Covid probe should examine impact on reproductive and sexual health services for women 2023


An MP told that the Covid probe should examine how the epidemic affected women’s sexual and reproductive health services.

Dame Diana Johnson, co-chair of the All-Party Parliamentary Group on Sexual and Reproductive Health, told i that not investigating sexual and reproductive health services would create a “gap” in the probe.

Before the COVID-19 epidemic, the APPG investigated contraceptive availability.

“I think it would be useful for the Covid inquiry to look at this as one strand of their work,” said Labour MP for Hull North and Home Affairs Select Committee head Dame Diana. Because sexual reproductive health access was obviously a problem, they should also look at pregnancy, parenting, and newborns.

“You only have to look at some of the figures at the moment around gonorrhea and syphilis and everything else which are going through the roof and it may well be that that can be traced back to people not being able to access clinics and things during Covid and also beyond.”

A 44-year-old woman was sentenced this week for using abortion medication after the UK’s 10-week restriction.

After lying about her pregnancy weeks in a remote appointment, Carla Foster, a mother of three, ended her pregnancy with drugs during the first Covid lockdown.

The stillborn infant was 32–34 weeks old.

Ms Foster’s defense countered the prosecution’s claim that her internet searches demonstrated preparation by citing the Covid lockup and reduced face-to-face appointments.

The APPG on Sexual and Reproductive Health promotes early medical abortion at home via charity MSI Reproductive Choices.

In August 2022, the Abortion Act was amended to allow eligible women in the first 10 weeks of pregnancy (9 weeks and 6 days) to access pills for early medical abortion through a teleconsultation and take both pills at home, making the “pills by post” procedure permanent.

“The wellbeing and safety of women requiring abortion services is paramount,” stated then-public health minister Maggie Throup. These initiatives will provide women more choice in how and where they get abortion services while collecting sufficient data to guarantee their safety.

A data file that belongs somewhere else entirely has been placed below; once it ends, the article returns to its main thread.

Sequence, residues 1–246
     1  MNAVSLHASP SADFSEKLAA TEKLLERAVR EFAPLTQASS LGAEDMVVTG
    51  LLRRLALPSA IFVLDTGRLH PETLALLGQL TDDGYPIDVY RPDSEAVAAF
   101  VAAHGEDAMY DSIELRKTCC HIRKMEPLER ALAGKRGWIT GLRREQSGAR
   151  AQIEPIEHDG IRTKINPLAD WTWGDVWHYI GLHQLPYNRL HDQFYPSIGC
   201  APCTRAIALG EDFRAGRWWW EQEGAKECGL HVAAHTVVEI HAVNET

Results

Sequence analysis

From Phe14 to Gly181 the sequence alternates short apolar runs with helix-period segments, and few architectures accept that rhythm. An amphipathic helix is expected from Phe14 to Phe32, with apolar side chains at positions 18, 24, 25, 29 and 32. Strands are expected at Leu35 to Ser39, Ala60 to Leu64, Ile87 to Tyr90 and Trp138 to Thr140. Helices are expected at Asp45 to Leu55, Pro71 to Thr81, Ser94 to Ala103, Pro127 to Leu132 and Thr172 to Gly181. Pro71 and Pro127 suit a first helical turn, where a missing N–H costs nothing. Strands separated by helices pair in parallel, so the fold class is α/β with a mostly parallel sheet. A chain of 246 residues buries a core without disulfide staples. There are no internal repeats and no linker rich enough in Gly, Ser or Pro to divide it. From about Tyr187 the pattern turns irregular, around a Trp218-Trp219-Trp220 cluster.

MSI Reproductive Choices welcomed the inquiry of how Covid affects women’s reproductive healthcare engagement.

The charity’s UK head of external affairs, Louise McCudden, said: “The option of taking both pills at home has been vital for anyone with difficulties attending a clinic in person for all sorts of reasons, whether due to health or mobility issues, transport difficulties, or because they live with people who would harm them if they knew they were having an abortion, such as an abusive partner.

“When home use was legal, the sale of abortion pills from unregulated providers online went down, because those who couldn’t safely get to a clinic in person now have a legal route to NHS-funded abortion care with a trusted provider.”

Telemedicine also pleases Dame Diana. She said there has been some success in helping women and girls get services, but many hurdles remain.

“Some positive steps forward, but clearly I think there are still big problems,”

Dame Diana warned that “unwanted pregnancies,” late health diagnosis, and antibiotic-resistant sexually transmitted infections might result from increasing access hurdles.

“The COVID-19 pandemic impacted a lot of people from an equalities perspective, and it had a disproportionate impact on women in many ways,” Ms. McCudden said. We want the investigation to consider women’s health, including reproductive healthcare.

I was not informed if the Covid-19 probe will focus on reproductive and sexual healthcare.

Module Three, which examines pandemic effects on healthcare, may address both topics.

Module Three includes pregnancy, parenting, and infant charities and organizations but no independent sexual health services.

The inquiry’s investigations and module scopes are not yet released.

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